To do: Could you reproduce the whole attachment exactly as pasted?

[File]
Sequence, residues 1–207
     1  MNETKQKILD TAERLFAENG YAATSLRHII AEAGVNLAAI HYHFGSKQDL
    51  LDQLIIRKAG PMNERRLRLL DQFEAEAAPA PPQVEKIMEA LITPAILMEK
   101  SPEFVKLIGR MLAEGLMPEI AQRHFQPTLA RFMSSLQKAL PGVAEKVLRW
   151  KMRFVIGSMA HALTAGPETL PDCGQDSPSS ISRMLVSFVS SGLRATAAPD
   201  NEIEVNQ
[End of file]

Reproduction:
Sequence, residues 1–207
     1  MNETKQKILD TAERLFAENG YAATSLRHII AEAGVNLAAI HYHFGSKQDL
    51  LDQLIIRKAG PMNERRLRLL DQFEAEAAPA PPQVEKIMEA LITPAILMEK
   101  SPEFVKLIGR MLAEGLMPEI AQRHFQPTLA RFMSSLQKAL PGVAEKVLRW
   151  KMRFVIGSMA HALTAGPETL PDCGQDSPSS ISRMLVSFVS SGLRATAAPD
   201  NEIEVNQ